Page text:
In this manner, therefore, pray:

Our Father in heaven,
Hallowed be Your name.
Your kingdom come.
Your will be done
On earth as it is in heaven.
Give us this day our daily bread.
And forgive us our debts,
As we forgive our debtors.
And do not lead us into temptation,
But deliver us from the evil one.
For Yours is the kingdom
 and the power
 and the glory forever.

—Matthew 6:9-13

I will admit that I am not one who formally prays a lot. I believe God hears my thoughts, just as he would prayers said in silence. There are definitely things I think about that maybe I wish God didn’t hear, but I think we all have “impure” thoughts. I regularly communicate with God, and I should follow the example of the Lord’s Prayer better. When I was growing up, the men who prayed in my church used pretty standard language for their prayers. I knew when my preacher, who was known for his lengthy prayers, started thanking God for the flowers and the trees in nature, he was nearly finished. We had another man who rambled on and on with no direction. When I had to give a prayer, it was basically the same prayer from memory, just as my father always did when he gave the closing prayer at church.

Jesus gave us clear guidance for praying which did not include the “vain repetitions” I was all too familiar with when growing up in Alabama. In Matthew 9:5-8, Jesus said: 

And when you pray, you shall not be like the hypocrites. For they love to pray standing in the synagogues and on the corners of the streets, that they may be seen by men. Assuredly, I say to you, they have their reward. But you, when you pray, go into your room, and when you have shut your door, pray to your Father who is in the secret place; and your Father who sees in secret will reward you openly. And when you pray, do not use vain repetitions as the heathen do. For they think that they will be heard for their many words. Therefore, do not be like them. For your Father knows the things you have need of before you ask Him.

Jesus told us that prayer is a private matter. My sister’s in-laws and many others I know who like displays of piety insist praying before a meal in public. They insist that everyone join hands and bow their heads as someone says the prayer. For most of these people, they are mostly showing a display of their piety like the hypocrites in the synagogues the Jesus tells us about. I have no problem with saying a silent prayer before a meal or praying aloud at a private family gathering, but I have a problem with people who merely want to show how Christian they can be. In the case of my sister’s in-laws, they are very negative people, who consistently denigrate others for not doing as they believe they should. However, they are often doing those same things or overlook things in family members that they condemn in others. In my opinion, if you are going to be pious, follow Christ at all times, not just when people are watching.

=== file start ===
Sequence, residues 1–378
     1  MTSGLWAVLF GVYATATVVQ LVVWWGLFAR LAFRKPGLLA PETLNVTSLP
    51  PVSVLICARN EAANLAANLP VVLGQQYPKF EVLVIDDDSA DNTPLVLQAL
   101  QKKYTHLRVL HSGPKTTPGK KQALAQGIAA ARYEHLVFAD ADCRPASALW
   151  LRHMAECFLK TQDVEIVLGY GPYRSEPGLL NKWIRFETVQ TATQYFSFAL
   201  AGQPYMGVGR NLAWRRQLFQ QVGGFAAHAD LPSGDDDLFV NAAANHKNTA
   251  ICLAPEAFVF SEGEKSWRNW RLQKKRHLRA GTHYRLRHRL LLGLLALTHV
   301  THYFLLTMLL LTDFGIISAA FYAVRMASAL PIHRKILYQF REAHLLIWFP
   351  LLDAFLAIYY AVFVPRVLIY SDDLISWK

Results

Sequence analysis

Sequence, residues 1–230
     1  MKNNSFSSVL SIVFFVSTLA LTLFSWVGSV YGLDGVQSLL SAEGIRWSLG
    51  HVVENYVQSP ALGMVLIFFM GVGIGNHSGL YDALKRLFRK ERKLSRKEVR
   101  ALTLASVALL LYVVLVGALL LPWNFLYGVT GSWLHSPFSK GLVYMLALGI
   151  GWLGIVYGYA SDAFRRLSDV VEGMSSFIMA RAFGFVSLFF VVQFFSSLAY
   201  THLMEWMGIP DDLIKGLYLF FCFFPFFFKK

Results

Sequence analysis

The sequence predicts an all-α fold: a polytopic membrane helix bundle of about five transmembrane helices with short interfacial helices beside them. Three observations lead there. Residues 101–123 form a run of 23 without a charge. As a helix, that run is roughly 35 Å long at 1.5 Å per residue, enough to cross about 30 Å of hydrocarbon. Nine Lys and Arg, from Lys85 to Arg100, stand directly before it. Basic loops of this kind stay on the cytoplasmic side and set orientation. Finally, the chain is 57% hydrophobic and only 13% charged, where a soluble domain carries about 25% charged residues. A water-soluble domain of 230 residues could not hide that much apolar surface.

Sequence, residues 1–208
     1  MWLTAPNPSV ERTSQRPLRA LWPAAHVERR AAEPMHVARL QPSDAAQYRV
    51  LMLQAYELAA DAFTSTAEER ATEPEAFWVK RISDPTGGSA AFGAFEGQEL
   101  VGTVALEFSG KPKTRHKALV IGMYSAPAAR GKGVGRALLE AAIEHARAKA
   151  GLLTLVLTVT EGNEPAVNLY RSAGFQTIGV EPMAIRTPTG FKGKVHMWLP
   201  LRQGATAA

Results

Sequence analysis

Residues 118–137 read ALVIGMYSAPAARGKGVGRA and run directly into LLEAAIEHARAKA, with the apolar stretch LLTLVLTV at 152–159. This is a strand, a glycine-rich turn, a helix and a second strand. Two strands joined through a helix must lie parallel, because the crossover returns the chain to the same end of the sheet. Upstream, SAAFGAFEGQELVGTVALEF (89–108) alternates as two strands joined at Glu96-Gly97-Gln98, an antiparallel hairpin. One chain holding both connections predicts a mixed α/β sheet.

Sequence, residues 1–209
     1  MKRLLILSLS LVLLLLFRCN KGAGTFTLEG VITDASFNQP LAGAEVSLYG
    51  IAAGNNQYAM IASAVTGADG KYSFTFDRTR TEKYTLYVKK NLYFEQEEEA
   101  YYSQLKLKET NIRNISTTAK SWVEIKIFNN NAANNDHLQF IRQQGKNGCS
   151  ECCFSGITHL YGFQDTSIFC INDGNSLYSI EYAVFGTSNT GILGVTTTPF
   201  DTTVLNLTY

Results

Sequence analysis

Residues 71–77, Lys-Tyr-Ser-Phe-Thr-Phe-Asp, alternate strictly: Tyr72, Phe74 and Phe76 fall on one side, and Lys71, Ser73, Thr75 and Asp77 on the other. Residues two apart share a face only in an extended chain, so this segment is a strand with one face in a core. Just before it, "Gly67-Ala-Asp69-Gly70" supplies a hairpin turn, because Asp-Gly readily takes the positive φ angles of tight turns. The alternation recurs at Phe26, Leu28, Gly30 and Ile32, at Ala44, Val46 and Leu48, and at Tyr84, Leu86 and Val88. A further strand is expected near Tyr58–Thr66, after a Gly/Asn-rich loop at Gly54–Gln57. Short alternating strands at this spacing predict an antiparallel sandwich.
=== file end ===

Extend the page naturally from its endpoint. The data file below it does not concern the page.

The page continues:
In the Sermon on the Mount, Jesus gave us the prayer that became known as the “Lord’s Prayer.” The model prayer, as it is also called, takes only 15-20 seconds to say, yet is filled with deep meaning. This prayer perfectly summarizes our faith and what is expressed in the Gospels. On his reflection on this prayer, St. Cyprian of Carthage, a third-century bishop wrote, “My dear friends, the Lord’s Prayer contains many great mysteries of our faith. In these few words, there is great spiritual meaning, for this summary of divine teaching contains all of our prayers and petitions.” Jesus ends the prayer by adding “For if you forgive men their trespasses, your heavenly Father will also forgive you. But if you do not forgive men their trespasses, neither will your Father forgive your trespasses.” (Matthew 9:14-15) This last part is often incorporated into the Lord’s Prayer by some Christians.

Philip Yancey, a Christian author who writes about questions and topics of faith that matter to both believers and doubters alike said, “Prayer is not a means of removing the unknown and predictable elements in life, but rather a way of including the unknown and unpredictable in the outworking of the grace of God in our lives.” Yancey was born in Atlanta and grew up in a strict, fundamentalist southern church. When Yancey was one year old, his polio-stricken father died after church members suggested he go off life support asserting that faith in God would heal him. This and other negative experiences with a rigid church contributed to Yancey’s losing his faith at one point.

For Yancey, reading offered a window to a different world. He devoured books that opened his mind, challenged his upbringing, and went against what he had been taught. A sense of betrayal engulfed him. “I felt I had been lied to. For instance, what I learned from a book like To Kill a Mockingbird or Black Like Me contradicted the racism I encountered in church. I went through a period of reacting against everything I was taught and even discarding my faith. I began my journey back mainly by encountering a world very different than I had been taught, an expansive world of beauty and goodness. Along the way, I realized that God had been misrepresented to me. Cautiously, warily, I returned, circling around the faith to see if it might be true.”